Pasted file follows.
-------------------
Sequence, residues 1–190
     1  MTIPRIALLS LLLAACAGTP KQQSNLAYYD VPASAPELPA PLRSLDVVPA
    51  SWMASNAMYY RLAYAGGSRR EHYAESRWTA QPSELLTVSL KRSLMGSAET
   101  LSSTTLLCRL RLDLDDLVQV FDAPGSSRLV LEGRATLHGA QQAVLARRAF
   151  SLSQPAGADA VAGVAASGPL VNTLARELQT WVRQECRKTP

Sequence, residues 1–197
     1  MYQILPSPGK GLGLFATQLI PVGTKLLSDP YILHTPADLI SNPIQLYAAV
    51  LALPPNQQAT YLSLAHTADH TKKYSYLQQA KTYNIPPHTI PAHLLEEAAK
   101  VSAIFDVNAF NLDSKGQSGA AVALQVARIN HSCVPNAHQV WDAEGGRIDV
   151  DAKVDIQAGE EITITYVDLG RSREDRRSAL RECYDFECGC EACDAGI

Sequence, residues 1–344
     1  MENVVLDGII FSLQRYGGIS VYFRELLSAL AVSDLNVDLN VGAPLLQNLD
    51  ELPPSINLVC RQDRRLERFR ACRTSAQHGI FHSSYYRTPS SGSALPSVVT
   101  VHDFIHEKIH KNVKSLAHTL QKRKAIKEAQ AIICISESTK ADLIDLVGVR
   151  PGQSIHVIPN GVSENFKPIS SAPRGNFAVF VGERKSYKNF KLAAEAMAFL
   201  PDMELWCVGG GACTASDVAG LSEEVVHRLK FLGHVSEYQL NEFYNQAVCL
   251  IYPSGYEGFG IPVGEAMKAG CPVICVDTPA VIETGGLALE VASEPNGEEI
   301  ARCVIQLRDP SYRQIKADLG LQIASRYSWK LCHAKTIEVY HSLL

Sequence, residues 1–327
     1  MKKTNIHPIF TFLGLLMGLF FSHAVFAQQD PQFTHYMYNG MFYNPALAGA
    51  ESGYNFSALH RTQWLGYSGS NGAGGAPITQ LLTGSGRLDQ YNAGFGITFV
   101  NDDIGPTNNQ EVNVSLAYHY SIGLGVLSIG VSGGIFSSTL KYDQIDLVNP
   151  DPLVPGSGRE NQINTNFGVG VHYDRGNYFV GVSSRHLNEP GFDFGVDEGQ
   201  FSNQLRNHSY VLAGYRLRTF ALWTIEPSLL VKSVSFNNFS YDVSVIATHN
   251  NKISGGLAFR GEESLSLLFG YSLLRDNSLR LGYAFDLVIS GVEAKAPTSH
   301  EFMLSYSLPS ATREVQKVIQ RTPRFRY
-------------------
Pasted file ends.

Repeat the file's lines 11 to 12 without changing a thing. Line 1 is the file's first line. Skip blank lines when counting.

Sequence, residues 1–344
     1  MENVVLDGII FSLQRYGGIS VYFRELLSAL AVSDLNVDLN VGAPLLQNLD